by Hari Balasubramanian
I was in the city of Jogjakarta (also spelled as Yogyakarta) in May 2015. It was a short stay: I was primarily visiting Hong Kong, but then had to exit Hong Kong to re-enter because my visa-free stay had expired. Nearby countries would have served the purpose, but I chose Indonesia — six hours south by flight and across the equator — because I'd always been drawn to its size and diversity: thousands of islands in a tremendous sprawl (if the northwestern-most part of Indonesia started in Alaska, the archipelago would stretch all the way to Virginia); 240 million people, 87% of them Muslim, speaking 400 odd languages (even greater linguistic diversity than India); an unlikely national experiment that began in 1940s after centuries of Dutch colonial rule and a short but painful three years of Japanese occupation.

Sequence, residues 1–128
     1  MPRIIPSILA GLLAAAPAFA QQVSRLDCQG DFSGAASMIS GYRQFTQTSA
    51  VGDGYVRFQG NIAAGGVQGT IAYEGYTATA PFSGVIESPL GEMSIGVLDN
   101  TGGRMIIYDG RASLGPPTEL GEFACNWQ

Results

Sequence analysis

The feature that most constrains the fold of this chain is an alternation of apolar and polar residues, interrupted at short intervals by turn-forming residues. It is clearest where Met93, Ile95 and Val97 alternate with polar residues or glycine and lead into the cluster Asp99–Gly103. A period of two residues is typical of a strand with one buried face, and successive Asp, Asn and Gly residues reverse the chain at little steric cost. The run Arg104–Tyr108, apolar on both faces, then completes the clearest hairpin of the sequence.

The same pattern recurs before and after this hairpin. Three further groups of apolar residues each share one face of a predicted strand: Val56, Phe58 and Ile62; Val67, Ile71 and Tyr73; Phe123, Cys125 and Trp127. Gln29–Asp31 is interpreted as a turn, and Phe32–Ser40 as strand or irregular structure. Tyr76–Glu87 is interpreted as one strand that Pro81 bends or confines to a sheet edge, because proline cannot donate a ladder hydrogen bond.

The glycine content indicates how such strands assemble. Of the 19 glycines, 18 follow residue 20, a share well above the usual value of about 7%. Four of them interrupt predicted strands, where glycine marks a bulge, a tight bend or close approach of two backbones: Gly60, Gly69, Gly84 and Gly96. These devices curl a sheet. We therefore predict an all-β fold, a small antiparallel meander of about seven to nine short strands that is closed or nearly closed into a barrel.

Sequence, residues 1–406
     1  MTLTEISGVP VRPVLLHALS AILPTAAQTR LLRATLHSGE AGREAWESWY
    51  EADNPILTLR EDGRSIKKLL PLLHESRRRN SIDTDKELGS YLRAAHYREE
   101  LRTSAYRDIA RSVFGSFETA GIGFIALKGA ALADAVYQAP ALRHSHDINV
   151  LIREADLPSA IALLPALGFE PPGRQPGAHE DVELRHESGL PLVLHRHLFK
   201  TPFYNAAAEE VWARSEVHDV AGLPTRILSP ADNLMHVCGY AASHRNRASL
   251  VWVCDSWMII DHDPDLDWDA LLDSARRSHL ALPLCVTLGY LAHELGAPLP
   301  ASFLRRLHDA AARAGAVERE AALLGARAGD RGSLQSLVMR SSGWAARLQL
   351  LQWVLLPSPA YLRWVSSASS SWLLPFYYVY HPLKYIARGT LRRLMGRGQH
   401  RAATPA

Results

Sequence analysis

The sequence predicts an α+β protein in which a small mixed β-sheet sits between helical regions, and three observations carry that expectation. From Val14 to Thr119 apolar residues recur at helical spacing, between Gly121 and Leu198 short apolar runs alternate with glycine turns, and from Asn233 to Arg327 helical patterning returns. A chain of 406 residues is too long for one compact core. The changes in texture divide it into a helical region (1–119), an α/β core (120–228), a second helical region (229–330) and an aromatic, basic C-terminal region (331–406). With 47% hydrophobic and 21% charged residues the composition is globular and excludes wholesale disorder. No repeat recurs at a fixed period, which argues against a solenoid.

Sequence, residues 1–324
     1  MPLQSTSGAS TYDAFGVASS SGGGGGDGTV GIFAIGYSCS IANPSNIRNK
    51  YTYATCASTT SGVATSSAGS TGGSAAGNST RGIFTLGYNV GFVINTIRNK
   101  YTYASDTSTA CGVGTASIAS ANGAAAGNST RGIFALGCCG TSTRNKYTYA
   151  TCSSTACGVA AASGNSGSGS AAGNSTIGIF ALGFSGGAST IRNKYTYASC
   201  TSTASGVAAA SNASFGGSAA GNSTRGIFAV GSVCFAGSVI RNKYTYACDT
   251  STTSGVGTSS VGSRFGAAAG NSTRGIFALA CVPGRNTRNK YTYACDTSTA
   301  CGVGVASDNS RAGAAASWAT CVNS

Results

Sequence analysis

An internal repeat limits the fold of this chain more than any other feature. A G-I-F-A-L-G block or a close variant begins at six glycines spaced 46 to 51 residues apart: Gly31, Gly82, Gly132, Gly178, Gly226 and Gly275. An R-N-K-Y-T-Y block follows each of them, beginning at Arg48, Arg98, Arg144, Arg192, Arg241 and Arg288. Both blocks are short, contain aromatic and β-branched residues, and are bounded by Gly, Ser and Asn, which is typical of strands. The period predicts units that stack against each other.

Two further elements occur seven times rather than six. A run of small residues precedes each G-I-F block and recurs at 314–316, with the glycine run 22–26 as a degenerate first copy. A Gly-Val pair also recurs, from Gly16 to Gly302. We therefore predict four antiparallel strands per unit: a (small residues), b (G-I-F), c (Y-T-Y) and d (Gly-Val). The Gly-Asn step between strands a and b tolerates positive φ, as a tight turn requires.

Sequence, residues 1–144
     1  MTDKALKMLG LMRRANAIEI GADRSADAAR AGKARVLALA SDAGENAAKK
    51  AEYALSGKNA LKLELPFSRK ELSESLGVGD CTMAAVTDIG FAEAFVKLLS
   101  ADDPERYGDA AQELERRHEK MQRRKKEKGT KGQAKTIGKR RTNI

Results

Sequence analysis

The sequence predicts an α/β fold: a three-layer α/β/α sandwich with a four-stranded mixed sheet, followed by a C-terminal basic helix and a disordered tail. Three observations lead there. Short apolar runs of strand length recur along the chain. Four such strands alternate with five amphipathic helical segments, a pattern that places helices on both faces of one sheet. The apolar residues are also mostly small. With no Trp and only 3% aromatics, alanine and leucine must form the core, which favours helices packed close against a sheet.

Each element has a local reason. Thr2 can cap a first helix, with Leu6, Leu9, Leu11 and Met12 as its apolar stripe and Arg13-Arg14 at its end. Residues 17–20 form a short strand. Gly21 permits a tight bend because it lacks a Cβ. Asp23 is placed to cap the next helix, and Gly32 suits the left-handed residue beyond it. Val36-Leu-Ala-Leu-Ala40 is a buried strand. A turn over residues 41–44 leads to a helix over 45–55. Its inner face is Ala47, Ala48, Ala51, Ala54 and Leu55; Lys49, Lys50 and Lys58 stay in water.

There was no way to capture even a fraction of that complexity in four days, but I wanted to start somewhere. Jakarta, the sprawling capital where I stayed the first night, was too daunting; but Jogjakarta, an hour's flight from the capital and which holds a unique place in Javanese culture, seemed more manageable. Here are some informal impressions: nothing very detailed, just a first take.
The island of Java, studded with volcanoes throughout its length, is one of the most densely populated parts of the world, home to 145 million people. Jogjakarta lies in the central part of Java, but closer to the southern coast.
The ride from the airport to the hotel was through a bustling thoroughfare, packed with people, shops and malls on either side. So many motorbikes and two-wheelers wove their way around cars that the traffic approached the chaos of Indian roads. Perhaps it was because I had arrived the time of the Waisak holiday – the holiday that commemorated the birth of the Buddha. In a few days, the President of Indonesia, Joko Widodo, was scheduled to visit Borobudur, the famous 9th century Buddhist temple near Jogja.